To celebrate Techweek 2019 (20-26 May), we’re putting the spotlight on aspects of tech life at The Warehouse Group. Here, the Group’s GM Engineering Tim Duly shares what a day in his role looks like.

What time do you wake up?

Typically, 6am.

What’s the ideal way to start your day?

Ideal way would be going to the gym before the day begins. It clears my mind and focuses me for the day ahead.

Do you have any morning rituals?

I’ll typically check my emails first thing when I wake up. We have partners that we work with that are globally dispersed so there’s often a small window for communications and I like to keep that cycle of responses as short as possible. On top of that, there’s always the need for a decent flat white. A must for the mornings!

What’s your Tech consumption or interaction like from the morning onwards?

It varies depending on the demands of the day. If I’m in meetings then I’ll focus on the meeting and not reply to emails unless it’s important. There’s not much that annoys me more than people that ‘multi-task’ during a meeting and are tapping away on emails whilst someone is trying to present to them. I’m always connected though, be that through email, chat or phone, regardless of whether I’m in or out of the office.

What time do you get into the office?

Typically around 7am - Auckland traffic permitting, of course!

What’s unique about your job?

There aren’t many companies in New Zealand that operate on the scale of TWG, so there’s always a different challenge to solve from day-to-day. And being part of a company that has a real impact on the lives of kiwis everyday means that you know that you’re making a difference.

What is your purpose at work? What is your why?

Problem solving is at the crux of it. From my early engineering days as a developer solving small scale problems, and then scaling that up to the large-scale problems of today where we are looking at how do we satisfy the needs of the business and our customers. Working with others to solve those problems is what drives the day-to-day.

What responsibility does that involve in a typical day? What takes up most of your time?

I spend a large portion of my time as an enabler for others. Ensuring that teams have the right people, the right skillsets, the right tools. Looking at solutions that we are building also to see how that will work across all our teams and business areas, that it’s aligned with where we are going is important too. IT is an every-changing industry and the needs of tomorrow are not the same as today.

Who do you see/talk to?

I talk to a wide-range of people from varying parts of the business, both internally and externally, and also a wide range of seniorities. IT has an impact on almost everything that we do so we’re involved in almost every part of the business. I’ll talk to our own IT teams about problems and issues that they’re trying to solve, to areas of the business areas considering new work, and also to external vendors that can help us achieve our goals.

What are the most important tech tools or programmes you use for your work?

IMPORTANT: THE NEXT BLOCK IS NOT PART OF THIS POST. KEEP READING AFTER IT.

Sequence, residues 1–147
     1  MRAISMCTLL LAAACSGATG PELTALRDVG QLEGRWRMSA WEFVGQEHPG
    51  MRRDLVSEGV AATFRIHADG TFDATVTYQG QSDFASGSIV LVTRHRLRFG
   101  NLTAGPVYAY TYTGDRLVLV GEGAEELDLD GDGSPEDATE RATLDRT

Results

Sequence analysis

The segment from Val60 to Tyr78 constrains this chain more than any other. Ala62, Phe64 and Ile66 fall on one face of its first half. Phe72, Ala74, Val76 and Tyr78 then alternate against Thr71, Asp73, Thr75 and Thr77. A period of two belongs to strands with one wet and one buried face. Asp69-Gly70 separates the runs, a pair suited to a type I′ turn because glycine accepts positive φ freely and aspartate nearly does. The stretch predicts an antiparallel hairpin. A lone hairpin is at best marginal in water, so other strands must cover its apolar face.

Definitely communication tools. Communication is critical in our business and being able to communicate with people around various issues throughout the day, when they happen, is important. We have a variety of tools for that job, from email to chat tools. As useful as these tools are though, there’s no substitute for real face-to-face communication. Place the right people in a room with a pen and whiteboard and it’s amazing how much can be worked through.

How do you juggle all your responsibilities?

Some days are better than others! There are a lot of competing priorities, and everything needs to be done yesterday. That’s where it’s important to have a good team around you that you can rely on. It’s a team effort to get everything done that we need to. If I know that there is an important issue to address upfront then I’ll generally deal with it first thing in the morning before my day gets too busy.

Do you measure your accomplishments or productivity? If so, how?

Some days you do go home and feel like you’ve achieved nothing. However, the following day you’ll see the fruits of your efforts and realise what you did the previous day setup the successes that you are seeing today. It’s not the amount of effort that you put in that I think is important (although I do put a lot of effort in!), it’s the fruits of those labours, the outcomes, that are important.

Do you get stressed? If so, how do you manage it? (Do you practice any mindfulness or meditation?)

Definitely! I think stress in moderation is a good thing, it’s when it becomes excessive that it’s a problem. For me the key is to concentrate on the things that you can change and not stress about the things that you can’t.

What time do you leave the office?

It depends. I try and avoid peak traffic when I can so I’ll mostly stay in the office until late, and get home after 7pm. Sometimes if I know that I have conference calls late in the afternoon then I’ll leave early so I can take them from home. Having the flexibility to do this is great as it allows me to make the most out of the hours of my day.

What do you do once you get home? (Can you switch off from work?)

It’s typically bedtime for the kids when I get home and I’ll try and switch off where I can, although it can be hard. If I have a lot on then I’ll try and make sure that I spend my time when I first get home with the kids and then once they’re in bed I’ll get back onto finishing off urgent work issues.

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